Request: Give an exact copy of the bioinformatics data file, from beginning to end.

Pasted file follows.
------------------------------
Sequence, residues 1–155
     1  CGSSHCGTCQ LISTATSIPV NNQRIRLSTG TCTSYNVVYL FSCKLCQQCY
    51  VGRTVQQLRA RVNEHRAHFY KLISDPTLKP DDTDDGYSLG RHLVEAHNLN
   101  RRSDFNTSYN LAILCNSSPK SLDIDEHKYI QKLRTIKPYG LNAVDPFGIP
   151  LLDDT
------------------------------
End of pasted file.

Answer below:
Sequence, residues 1–155
     1  CGSSHCGTCQ LISTATSIPV NNQRIRLSTG TCTSYNVVYL FSCKLCQQCY
    51  VGRTVQQLRA RVNEHRAHFY KLISDPTLKP DDTDDGYSLG RHLVEAHNLN
   101  RRSDFNTSYN LAILCNSSPK SLDIDEHKYI QKLRTIKPYG LNAVDPFGIP
   151  LLDDT